Reflections on confessing

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Paul R. Fries


I wish to modify slightly the title assigned to this paper. Rather than address the question, ‘why confessions?’ I will offer my reflections on the prior question, ‘why confess?’ The original query, ‘why confessions,’ is of course an important one and can be answered appropriately in a number of ways. Confessions, such as those of the Reformed Church in America (RCA), have both primary and secondary historical significance. At the time of their writing and adoption they functioned catalytically in a given historical situation; thereafter in various ways at various times they again played a role in shaping the church and charting its course. Confessions serve the magisterium of the church in the absence of a magisterial bishop and thus unify the church in evangelical teaching and provide a standard for discipline as well as the theological orientation of worship and order. Confessions provide the basis for ecumenical conversation and convergence. Confessions originally established the religion of a city or region and subsequently its political, economic, and social climate; they continue in the modern period, at least in some degree, to fashion the mentality and culture of congregations and denominations.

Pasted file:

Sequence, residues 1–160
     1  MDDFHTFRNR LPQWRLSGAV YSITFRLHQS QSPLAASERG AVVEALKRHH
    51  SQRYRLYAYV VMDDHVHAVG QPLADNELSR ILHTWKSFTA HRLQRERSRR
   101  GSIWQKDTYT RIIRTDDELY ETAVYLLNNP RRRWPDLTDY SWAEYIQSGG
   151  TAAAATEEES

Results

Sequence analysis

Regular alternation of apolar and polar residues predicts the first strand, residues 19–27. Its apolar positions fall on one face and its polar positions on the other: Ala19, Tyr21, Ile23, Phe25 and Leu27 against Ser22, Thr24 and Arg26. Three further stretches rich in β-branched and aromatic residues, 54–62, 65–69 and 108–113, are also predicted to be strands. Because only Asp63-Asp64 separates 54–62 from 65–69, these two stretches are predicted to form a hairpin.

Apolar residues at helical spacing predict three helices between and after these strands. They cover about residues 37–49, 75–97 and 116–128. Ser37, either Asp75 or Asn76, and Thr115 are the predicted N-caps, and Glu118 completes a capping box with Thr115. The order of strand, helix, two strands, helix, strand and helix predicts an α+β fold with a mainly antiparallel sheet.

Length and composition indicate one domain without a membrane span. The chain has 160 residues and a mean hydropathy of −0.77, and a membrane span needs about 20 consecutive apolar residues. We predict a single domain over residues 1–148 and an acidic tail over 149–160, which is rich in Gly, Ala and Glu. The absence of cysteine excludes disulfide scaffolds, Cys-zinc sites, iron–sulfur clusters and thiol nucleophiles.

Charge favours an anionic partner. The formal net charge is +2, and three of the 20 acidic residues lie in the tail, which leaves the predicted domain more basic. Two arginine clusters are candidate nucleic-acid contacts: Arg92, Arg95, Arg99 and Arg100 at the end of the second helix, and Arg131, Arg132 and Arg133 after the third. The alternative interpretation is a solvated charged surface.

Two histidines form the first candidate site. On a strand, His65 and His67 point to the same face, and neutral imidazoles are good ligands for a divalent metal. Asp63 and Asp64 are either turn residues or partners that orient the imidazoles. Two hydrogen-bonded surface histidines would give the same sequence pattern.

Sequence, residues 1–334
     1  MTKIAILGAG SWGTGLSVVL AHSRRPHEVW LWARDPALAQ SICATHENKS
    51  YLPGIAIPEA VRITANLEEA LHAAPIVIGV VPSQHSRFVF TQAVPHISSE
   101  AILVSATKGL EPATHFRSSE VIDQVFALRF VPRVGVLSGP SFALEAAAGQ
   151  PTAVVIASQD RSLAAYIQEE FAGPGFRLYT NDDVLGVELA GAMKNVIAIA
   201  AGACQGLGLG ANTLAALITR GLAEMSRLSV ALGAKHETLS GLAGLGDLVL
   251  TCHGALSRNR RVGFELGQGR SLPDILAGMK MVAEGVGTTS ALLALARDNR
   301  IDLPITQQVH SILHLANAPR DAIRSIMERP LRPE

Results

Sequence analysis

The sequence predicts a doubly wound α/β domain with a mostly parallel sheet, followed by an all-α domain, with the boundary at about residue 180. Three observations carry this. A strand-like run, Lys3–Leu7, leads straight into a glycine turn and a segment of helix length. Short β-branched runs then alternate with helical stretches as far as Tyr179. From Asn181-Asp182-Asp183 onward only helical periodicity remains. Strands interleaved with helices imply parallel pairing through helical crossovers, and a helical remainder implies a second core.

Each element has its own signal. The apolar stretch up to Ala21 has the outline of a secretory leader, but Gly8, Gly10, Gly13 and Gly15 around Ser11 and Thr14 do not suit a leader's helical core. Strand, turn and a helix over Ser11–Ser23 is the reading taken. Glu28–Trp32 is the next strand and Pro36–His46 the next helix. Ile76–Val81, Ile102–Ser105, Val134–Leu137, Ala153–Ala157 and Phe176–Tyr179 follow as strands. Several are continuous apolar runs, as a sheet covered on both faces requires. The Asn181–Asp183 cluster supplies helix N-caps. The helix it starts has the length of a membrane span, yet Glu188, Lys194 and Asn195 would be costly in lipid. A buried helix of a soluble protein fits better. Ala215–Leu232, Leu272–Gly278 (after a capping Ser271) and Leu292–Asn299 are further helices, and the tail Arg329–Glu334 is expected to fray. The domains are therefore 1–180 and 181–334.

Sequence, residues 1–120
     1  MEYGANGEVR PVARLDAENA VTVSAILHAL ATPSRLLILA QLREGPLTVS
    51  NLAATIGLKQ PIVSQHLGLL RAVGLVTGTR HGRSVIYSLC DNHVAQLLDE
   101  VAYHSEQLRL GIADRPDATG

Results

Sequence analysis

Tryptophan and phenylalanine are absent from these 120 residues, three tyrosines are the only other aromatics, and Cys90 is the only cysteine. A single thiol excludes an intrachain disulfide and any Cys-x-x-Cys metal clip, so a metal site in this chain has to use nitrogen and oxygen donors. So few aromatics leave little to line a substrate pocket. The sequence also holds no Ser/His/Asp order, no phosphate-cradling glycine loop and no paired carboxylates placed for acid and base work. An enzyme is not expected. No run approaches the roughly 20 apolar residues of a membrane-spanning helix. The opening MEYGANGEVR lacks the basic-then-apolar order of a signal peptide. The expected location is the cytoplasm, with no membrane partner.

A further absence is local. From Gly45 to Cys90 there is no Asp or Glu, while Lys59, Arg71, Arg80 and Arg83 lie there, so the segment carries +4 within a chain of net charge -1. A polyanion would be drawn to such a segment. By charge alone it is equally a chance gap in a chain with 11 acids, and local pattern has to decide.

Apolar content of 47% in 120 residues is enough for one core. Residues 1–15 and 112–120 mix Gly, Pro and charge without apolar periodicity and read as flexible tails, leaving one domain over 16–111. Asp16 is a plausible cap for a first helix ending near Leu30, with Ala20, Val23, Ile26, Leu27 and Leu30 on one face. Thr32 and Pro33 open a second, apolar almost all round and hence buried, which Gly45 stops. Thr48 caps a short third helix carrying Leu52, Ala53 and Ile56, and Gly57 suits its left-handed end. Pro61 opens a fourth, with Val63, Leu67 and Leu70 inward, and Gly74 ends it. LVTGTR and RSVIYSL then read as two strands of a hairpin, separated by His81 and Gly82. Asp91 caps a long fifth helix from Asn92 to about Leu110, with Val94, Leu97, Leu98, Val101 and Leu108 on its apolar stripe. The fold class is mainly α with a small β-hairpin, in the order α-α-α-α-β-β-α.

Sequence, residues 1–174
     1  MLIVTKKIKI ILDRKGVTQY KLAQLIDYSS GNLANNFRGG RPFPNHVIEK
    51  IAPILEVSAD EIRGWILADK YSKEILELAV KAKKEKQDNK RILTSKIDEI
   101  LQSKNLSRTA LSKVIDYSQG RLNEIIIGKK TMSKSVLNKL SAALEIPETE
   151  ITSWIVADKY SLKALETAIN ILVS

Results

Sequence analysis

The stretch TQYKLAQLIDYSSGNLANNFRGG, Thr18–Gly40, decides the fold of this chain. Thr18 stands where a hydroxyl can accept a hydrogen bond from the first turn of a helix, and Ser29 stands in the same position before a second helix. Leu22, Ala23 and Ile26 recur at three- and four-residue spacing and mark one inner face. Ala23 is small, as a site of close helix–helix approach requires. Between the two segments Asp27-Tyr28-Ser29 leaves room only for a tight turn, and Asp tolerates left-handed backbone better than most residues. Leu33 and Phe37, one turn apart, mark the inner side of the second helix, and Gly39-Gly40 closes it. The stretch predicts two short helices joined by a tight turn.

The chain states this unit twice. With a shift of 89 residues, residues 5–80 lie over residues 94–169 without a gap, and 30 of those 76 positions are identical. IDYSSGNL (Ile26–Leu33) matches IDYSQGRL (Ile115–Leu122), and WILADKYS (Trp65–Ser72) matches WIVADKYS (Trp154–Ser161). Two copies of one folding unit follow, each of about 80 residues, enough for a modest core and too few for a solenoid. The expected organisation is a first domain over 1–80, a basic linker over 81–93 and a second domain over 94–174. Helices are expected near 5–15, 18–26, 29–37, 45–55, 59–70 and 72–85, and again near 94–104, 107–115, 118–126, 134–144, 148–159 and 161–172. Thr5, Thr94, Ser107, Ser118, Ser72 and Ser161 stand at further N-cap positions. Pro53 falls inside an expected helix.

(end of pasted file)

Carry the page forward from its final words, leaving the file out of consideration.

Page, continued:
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How to Cite
Fries, P. R. (2006). Reflections on confessing. Reformed Review, 60(1), 2-7. Retrieved from
Belhar Confession; Reformed Church in America -- Creeds; Reformed Church in America -- Doctrines; Reformed Church -- Creeds; Reformed Church -- Doctrines; Creeds; Reformed Church -- South Africa